Senate Passes Russian Trade Bill, With Conditions

New York Times

The Senate voted on Thursday to finally eliminate cold war-era trade restrictions on Russia, but at the same time it condemned Moscow for human rights abuses, threatening to further strain an already fraught relationship with the Kremlin.

The Senate bill, which passed the House of Representatives last month, now goes to President Obama, who has opposed turning a trade bill into a statement on the Russian government’s treatment of its people.

But with such overwhelming support in Congress – the measure passed the Senate 92 to 4 and the House 365 to 43 – the White House has had little leverage to press its case.

And President Obama has shown little desire to pick a fight in which he would appear to be siding with the Russians on such a delicate issue.

Speaking to reporters shortly after the Senate vote, Jay Carney, the White House press secretary, said the president was committed to signing the bill.

The most immediate effect of the bill will be to formally normalize trade relations with Russia after nearly 40 years. Since the 1970s, commerce between Russia and the United States has been subject to restrictions that were designed to punish Communist nations that refused to allow their citizens to leave freely.

While presidents have waived the restrictions since the cold war ended — allowing them to remain on the books as a symbolic sore point with the Russians — the issue took on new urgency this summer after Russia joined the World Trade Organization. American businesses can take advantage of lower trade tariffs only with nations that enjoy normalized trade status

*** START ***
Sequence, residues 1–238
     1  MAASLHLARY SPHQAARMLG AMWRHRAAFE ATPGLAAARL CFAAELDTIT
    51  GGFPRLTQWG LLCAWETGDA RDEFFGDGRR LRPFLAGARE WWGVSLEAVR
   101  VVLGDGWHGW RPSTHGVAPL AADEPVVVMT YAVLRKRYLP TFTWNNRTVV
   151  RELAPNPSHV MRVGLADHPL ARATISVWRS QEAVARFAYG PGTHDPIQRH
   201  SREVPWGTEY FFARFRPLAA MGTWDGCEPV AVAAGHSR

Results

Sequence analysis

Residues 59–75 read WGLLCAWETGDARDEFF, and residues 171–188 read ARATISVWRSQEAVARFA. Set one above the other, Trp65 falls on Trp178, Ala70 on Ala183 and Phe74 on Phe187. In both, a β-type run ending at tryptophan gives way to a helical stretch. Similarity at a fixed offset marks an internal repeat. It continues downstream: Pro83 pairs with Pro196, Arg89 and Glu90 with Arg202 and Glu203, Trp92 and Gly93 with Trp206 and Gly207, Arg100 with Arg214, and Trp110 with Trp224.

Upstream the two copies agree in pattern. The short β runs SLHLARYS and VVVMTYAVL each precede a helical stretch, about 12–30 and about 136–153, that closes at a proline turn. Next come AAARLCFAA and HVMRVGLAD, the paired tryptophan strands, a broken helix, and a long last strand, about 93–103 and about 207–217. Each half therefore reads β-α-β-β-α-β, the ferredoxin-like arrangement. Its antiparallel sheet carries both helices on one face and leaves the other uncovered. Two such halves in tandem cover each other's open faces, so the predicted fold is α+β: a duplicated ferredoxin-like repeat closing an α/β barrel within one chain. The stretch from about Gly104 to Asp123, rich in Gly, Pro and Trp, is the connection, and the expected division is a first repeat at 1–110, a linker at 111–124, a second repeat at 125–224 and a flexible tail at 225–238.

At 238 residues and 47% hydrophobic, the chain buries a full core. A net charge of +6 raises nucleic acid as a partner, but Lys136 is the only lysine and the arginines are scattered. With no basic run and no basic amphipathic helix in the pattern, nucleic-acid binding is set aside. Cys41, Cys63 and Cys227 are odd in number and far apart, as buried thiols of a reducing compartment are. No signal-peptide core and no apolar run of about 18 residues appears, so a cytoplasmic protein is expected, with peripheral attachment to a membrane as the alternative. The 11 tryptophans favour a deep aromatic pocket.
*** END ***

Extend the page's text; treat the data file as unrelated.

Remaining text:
By some estimates, trade with Russia is expected to double after the limits are lifted.

But another effect of the bill – and one that has Russian officials furious with Washington – will be to require that the federal government freeze the assets of Russians implicated in human rights abuses and to deny them visas.

Lawmakers on Capitol Hill were inspired to attach those provisions to the trade legislation because of the case of Sergei L. Magnitsky, a Russian lawyer who was tortured and died in prison in 2009 after he exposed a government tax fraud scheme.

During the Senate debate, it was Mr. Magnitsky’s case, and not Russia’s trade status, that occupied most of the time.

One by one, Democratic and Republican senators alike rose to denounce Russian officials for their disregard for basic freedoms.

“This culture of impunity in Russia has been growing worse and worse,” said Senator John McCain, an Arizona Republican. “There are still many people who look at the Magnitsky Act as anti-Russia. I disagree,” he added. “Ultimately passing this legislation will place the United States squarely on the side of the Russian people and the right side of Russian history, which appears to be approaching a crossroads.”

Russian officials denounced the Senate vote.

“This initiative is intended to restrict the rights of Russian citizens, which we consider completely unjust and baseless,” said Konstantin Dolgov, the Russian foreign ministry’s human rights envoy, in comments to the Interfax news agency in Brussels. “This is an attempt to interfere in our internal affairs, in the authority of Russia’s investigative and judicial organs, which continue to investigate the Magnitsky case.”

Initially there was pressure on the Senate to pass a bill that punished human rights violators from all nations, not just those who are Russian. But the House bill applied only to Russia. And the Senate followed suit, as supporters of the bill wanted something that could pass quickly and not require a complicated back-and-forth with the House.

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